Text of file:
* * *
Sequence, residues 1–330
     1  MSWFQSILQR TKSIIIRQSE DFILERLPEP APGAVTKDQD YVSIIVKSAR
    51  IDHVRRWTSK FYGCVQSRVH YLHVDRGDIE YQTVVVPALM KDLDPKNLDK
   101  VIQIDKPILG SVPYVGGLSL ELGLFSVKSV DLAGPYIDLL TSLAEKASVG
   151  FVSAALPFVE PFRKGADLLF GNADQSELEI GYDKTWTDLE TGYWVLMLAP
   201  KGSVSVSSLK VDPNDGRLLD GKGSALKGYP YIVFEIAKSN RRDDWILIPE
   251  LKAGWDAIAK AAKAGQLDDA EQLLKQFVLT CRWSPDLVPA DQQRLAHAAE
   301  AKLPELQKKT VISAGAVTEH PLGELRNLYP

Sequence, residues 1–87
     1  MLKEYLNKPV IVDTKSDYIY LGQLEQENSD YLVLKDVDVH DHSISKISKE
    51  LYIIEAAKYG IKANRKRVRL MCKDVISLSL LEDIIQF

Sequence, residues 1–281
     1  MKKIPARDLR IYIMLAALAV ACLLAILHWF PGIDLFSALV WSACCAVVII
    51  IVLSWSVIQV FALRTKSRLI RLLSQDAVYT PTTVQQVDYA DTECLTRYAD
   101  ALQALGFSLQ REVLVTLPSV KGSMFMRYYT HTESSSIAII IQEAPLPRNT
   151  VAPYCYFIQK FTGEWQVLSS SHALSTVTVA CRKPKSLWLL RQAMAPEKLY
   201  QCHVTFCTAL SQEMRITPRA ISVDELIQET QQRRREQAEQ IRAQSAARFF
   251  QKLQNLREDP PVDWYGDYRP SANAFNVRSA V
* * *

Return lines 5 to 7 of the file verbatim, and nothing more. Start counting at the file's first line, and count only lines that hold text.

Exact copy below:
   151  FVSAALPFVE PFRKGADLLF GNADQSELEI GYDKTWTDLE TGYWVLMLAP
   201  KGSVSVSSLK VDPNDGRLLD GKGSALKGYP YIVFEIAKSN RRDDWILIPE
   251  LKAGWDAIAK AAKAGQLDDA EQLLKQFVLT CRWSPDLVPA DQQRLAHAAE